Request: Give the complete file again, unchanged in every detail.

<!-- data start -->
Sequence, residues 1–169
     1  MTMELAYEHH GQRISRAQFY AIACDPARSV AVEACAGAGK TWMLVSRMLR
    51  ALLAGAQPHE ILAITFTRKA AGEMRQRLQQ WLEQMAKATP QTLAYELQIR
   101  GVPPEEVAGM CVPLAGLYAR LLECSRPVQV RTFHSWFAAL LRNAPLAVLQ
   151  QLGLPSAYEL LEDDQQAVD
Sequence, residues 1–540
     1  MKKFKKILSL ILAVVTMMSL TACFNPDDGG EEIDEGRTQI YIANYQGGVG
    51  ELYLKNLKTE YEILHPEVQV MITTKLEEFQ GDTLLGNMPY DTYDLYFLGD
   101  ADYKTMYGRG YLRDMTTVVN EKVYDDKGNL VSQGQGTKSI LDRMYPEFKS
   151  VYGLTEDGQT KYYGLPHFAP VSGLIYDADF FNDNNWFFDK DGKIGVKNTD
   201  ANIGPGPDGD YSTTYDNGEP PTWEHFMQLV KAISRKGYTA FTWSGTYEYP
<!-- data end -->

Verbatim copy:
Sequence, residues 1–169
     1  MTMELAYEHH GQRISRAQFY AIACDPARSV AVEACAGAGK TWMLVSRMLR
    51  ALLAGAQPHE ILAITFTRKA AGEMRQRLQQ WLEQMAKATP QTLAYELQIR
   101  GVPPEEVAGM CVPLAGLYAR LLECSRPVQV RTFHSWFAAL LRNAPLAVLQ
   151  QLGLPSAYEL LEDDQQAVD
Sequence, residues 1–540
     1  MKKFKKILSL ILAVVTMMSL TACFNPDDGG EEIDEGRTQI YIANYQGGVG
    51  ELYLKNLKTE YEILHPEVQV MITTKLEEFQ GDTLLGNMPY DTYDLYFLGD
   101  ADYKTMYGRG YLRDMTTVVN EKVYDDKGNL VSQGQGTKSI LDRMYPEFKS
   151  VYGLTEDGQT KYYGLPHFAP VSGLIYDADF FNDNNWFFDK DGKIGVKNTD
   201  ANIGPGPDGD YSTTYDNGEP PTWEHFMQLV KAISRKGYTA FTWSGTYEYP